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In Congress, a critical reckoning on sexual harassment

Another important and necessary step.

Sen. Al Franken, a Democrat from Minnesota, outside

Sen. Al Franken, a Democrat from Minnesota, outside the Capitol after announcing his plan to resign on Dec. 7, 2017. Photo Credit: Bloomberg / Andrew Harrer

There are 535 men and women who represent us in Congress. It is wrong for any of them to engage in sexual harassment. Each must hold himself or herself and colleagues accountable for wrongdoing.

Sen. Al Franken’s plans to resign come as another important and necessary step amid a critical reckoning, as powerful men are being held accountable for the harmful ways they’ve treated women. The Minnesota Democrat’s decision came two days after Michigan Democrat John Conyers, the longest-serving member in the House of Representatives, retired after multiple women accused him of making unwanted sexual advances or inappropriate comments, and after other members of Congress called for him to step down.

Seven women have accused Franken of inappropriately touching them or forcibly groping or kissing them. But his resignation didn’t come until a group of Democratic senators had had enough, joining those saying such behavior is unacceptable, regardless of party. Some also have sought the resignation of Rep. Ruben Kihuen, a Nevada Democrat also accused of sexual misconduct, but he has refused.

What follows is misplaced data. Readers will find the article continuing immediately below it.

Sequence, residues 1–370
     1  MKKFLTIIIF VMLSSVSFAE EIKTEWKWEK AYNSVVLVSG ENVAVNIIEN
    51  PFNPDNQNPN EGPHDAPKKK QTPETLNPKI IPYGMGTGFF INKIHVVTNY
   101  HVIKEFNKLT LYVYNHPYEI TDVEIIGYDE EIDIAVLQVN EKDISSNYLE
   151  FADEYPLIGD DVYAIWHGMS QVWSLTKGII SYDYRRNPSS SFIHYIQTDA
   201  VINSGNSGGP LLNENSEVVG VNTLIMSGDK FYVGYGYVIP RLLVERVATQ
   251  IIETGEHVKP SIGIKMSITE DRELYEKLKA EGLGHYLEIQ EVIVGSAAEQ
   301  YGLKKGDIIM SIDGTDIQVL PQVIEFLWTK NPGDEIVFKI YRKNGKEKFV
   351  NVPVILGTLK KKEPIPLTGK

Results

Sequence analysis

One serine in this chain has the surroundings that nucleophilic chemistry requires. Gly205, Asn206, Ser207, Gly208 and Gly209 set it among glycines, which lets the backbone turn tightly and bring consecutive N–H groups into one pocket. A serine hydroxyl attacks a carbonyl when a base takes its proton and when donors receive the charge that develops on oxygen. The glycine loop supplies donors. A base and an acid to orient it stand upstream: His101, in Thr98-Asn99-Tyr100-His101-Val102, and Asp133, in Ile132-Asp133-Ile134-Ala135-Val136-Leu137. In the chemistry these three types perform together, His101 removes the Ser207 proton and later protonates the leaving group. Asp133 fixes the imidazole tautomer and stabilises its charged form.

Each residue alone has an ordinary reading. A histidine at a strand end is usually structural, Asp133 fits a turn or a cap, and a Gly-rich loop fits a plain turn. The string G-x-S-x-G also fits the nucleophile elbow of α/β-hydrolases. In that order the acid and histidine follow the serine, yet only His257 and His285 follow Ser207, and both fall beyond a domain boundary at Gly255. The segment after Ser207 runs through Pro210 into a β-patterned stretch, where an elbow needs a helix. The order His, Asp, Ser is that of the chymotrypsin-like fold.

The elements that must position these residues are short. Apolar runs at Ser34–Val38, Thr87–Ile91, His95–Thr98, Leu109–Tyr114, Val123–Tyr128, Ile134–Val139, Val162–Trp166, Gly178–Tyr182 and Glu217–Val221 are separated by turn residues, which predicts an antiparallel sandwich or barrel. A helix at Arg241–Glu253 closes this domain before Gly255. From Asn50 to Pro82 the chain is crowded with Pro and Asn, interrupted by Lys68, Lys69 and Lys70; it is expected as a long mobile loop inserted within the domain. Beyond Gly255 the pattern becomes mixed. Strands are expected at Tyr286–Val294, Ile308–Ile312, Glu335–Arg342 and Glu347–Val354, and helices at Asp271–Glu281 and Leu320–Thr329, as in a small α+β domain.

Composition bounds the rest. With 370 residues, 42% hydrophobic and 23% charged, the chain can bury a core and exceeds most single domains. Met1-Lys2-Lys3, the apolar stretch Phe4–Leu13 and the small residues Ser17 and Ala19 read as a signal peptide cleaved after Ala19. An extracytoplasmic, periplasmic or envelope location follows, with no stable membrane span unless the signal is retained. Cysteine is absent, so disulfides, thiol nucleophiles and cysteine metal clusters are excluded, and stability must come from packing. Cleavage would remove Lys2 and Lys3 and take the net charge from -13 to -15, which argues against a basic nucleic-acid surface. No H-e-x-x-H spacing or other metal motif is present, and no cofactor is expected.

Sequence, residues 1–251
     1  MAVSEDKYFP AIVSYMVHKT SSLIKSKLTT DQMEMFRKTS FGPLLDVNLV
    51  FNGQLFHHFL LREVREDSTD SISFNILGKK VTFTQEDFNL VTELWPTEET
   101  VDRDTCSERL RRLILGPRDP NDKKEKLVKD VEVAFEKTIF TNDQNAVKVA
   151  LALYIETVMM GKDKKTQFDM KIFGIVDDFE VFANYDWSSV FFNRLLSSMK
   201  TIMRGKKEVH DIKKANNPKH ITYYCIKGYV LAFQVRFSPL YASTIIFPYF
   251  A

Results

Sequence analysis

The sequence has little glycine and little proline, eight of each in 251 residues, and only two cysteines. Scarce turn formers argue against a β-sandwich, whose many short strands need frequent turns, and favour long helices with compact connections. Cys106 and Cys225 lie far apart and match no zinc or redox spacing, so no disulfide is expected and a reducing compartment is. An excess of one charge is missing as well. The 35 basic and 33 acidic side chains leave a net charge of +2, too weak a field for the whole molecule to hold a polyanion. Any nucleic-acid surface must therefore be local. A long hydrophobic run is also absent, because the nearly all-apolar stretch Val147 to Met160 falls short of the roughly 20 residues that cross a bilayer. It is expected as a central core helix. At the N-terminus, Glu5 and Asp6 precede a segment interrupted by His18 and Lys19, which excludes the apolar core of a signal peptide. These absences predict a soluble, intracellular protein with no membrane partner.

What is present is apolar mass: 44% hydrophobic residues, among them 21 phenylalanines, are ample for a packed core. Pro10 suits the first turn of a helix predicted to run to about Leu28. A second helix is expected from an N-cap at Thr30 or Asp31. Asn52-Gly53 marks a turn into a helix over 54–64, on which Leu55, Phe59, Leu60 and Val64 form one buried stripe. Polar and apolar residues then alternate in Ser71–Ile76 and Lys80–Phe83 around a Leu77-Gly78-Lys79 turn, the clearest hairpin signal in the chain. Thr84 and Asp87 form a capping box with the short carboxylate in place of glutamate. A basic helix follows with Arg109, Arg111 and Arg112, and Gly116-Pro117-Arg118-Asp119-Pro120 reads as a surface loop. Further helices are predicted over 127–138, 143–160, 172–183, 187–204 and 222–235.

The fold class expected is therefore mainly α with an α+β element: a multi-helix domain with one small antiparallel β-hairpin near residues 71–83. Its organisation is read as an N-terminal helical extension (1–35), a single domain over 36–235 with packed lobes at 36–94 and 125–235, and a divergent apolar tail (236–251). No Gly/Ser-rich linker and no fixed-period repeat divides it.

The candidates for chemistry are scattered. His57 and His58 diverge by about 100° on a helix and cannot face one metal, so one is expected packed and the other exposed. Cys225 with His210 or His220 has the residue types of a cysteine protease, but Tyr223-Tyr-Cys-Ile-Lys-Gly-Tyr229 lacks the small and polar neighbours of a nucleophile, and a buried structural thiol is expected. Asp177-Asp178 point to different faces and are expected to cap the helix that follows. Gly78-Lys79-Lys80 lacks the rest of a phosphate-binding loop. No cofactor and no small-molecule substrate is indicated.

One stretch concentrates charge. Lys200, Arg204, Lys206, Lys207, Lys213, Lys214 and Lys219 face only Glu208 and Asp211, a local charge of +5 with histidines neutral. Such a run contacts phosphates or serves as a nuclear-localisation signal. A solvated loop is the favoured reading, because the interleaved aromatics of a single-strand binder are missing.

Not everyone’s swimming with the tide. Republican leaders, including President Donald Trump, are still backing their own. They support U.S. Senate candidate Roy Moore of Alabama, and Rep. Blake Farenthold of Texas, who paid $84,000 in taxpayer money to settle a case in which he was accused of harassing his former communications director.

On Thursday, Franken did not apologize and said some allegations were false. Conyers, too, denied accusations against him. Farenthold promised to repay the settlement money, but said he did nothing wrong. And Moore has denied everything, no matter how many credible accusations of sexual misconduct have emerged. (It’s now up to nine.)

We support due process. There is the possibility of a false claim or a misunderstood encounter. But that’s not what’s happening in Washington. If the claims against a senator or member of the House are credible enough to cause a resignation, wrongdoing can’t be denied. And members of Congress who denounce harassment but support colleagues who are abusers are complicit in the scandals.

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